100 Gallon Spill at Lower Monument Dam


100 Gallon Oil Spill at Snake River Dam Latest in Long Line of Uncontrolled Spills from Army Corps Dams

January 9, 2018 (Kahlotus, WA)—
The U.S. Army Corps of Engineers reported a 100 gallon oil spill at the Lower Monumental Dam. According to the Corps, approximately 100 gallons of turbine oil spilled into the Snake River during a three-week period from December 14, 2017, to January 4, 2018. The Army Corps reported the spill to Columbia Riverkeeper, a non-profit organization, pursuant to a 2014 court settlement over uncontrolled oil spills from Columbia and Snake River dams.

“These spills must stop,” stated Brett VandenHeuvel, Executive Director for Columbia Riverkeeper. “Shockingly, the Army Corps faces no penalties for fouling our rivers with toxic oil pollution. People rely on clean water and healthy salmon runs. It’s past time for EPA and Governors Inslee and Brown to protect the public and Tribal nations’ rights to clean water in the Columbia Basin.”

According to the Army Corps, the federal agency learned of the spill while recording oil levels under its Oil Accountability Program. The Army Corps’ notice to Columbia Riverkeeper states “a drop of 1-inch in the Main Unit 6 oil sump could not be accounted for and is presumed to be lost to the river” and Main Unit 6 has been forced out of service for inspection and repair.”

In 2014, Columbia Riverkeeper settled a lawsuit against the Army Corps to stop oil pollution from eight dams on the Columbia and Snake rivers, including Bonneville, John Day, The Dalles, and McNary, Ice Harbor, Lower Monumental, Little Goose, and Lower Granite. The settlement required the Army Corps to apply for water pollution permits from the U.S. Environmental Protection Agency (EPA). The permits would require the Corps to monitor and reduce oil and other water pollution from the dams. To date, EPA has not taken action to reduce oil pollution and issue permits.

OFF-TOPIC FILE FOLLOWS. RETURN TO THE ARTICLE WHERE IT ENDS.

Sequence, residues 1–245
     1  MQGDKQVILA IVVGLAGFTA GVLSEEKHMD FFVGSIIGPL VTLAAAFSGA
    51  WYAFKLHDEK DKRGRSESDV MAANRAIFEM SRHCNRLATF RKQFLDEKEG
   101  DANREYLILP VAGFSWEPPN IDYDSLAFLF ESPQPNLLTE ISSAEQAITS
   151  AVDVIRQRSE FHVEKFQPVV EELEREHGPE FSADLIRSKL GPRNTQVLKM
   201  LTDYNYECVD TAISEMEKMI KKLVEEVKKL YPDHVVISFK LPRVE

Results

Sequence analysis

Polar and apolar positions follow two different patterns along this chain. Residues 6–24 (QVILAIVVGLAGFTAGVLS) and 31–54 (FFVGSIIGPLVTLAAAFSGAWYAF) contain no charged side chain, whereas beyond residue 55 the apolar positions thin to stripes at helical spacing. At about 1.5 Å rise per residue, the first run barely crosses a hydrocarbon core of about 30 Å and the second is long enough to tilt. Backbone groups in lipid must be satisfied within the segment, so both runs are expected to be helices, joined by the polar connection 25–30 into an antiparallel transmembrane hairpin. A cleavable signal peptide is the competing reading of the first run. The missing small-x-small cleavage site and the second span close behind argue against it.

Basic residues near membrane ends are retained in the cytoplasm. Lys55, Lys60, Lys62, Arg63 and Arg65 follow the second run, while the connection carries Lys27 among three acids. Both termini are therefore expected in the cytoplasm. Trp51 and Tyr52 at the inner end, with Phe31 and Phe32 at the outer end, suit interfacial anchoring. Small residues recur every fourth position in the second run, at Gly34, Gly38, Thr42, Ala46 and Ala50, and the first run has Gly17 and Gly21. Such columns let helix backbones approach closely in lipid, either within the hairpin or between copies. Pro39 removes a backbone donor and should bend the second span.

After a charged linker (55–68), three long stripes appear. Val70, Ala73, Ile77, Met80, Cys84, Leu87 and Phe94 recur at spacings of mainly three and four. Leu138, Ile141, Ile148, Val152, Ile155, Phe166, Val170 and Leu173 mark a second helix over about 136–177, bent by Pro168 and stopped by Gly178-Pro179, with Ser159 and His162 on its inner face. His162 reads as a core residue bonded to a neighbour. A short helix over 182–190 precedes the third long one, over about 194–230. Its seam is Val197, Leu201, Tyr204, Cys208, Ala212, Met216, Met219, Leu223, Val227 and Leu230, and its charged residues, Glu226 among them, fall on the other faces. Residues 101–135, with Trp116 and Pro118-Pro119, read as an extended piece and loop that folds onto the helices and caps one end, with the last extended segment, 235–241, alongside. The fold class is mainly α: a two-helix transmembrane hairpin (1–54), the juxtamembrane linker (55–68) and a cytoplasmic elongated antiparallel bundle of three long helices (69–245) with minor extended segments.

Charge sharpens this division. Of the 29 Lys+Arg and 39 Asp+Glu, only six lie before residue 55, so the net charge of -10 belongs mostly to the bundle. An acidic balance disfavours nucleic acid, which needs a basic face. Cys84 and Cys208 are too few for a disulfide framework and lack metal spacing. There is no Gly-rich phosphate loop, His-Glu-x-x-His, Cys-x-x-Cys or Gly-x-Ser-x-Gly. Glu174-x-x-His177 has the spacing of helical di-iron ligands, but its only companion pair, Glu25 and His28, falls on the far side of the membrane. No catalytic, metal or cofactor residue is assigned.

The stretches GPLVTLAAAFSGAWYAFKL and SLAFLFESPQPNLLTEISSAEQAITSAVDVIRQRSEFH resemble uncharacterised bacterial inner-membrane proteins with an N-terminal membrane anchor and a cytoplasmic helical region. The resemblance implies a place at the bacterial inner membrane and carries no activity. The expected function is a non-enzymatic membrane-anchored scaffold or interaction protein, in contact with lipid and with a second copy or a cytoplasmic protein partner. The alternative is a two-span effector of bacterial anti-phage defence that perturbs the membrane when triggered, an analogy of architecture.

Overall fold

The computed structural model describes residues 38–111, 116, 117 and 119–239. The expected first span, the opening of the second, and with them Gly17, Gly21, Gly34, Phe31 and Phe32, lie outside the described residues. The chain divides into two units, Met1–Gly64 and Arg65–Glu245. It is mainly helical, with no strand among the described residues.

In the settlement, the Army Corps also agreed to study the use of non-toxic oils and implement an Oil Accountability Program to track oil spills. However, the Army Corps has not undertaken a significant shift to non-toxic oils at dams along the Columbia and Snake rivers.

“It is time for the Corps to switch to  non-toxic oils,” states VandenHeuvel.

Oil spills occur on a routine basis at Columbia and Snake river dams, including a recent 50 to 100 gallon spill reported at Lower Monumental on December 14, 2017, at Main Unit 1. In 2012 the Army Corps reported discharging over 1,500 gallons of PCB-laden transformer oil at the Ice Harbor Dam on the Snake River. According to the EPA, PCBs cause cancer, as well as a variety of other adverse health effects on the immune system, reproductive system, nervous system, and endocrine system. The oil from the Ice Harbor spill contained PCBs at levels 14,000,000% greater than state and federal chronic water quality standards.

About Columbia Riverkeeper
Columbia Riverkeeper’s mission is to protect and restore the water quality of the Columbia River and all life connected to it, from the headwaters to the Pacific Ocean. Representing over 12,000 members and supporters, Columbia Riverkeeper works to restore a Columbia River where people can safely eat the fish they catch and where children can swim without fear of toxic exposure. Columbia Riverkeeper is a member of Waterkeeper Alliance, the world’s fastest-growing environmental movement, uniting more than 300 Waterkeeper organizations worldwide. For more information, go to columbiariverkeeper.org.






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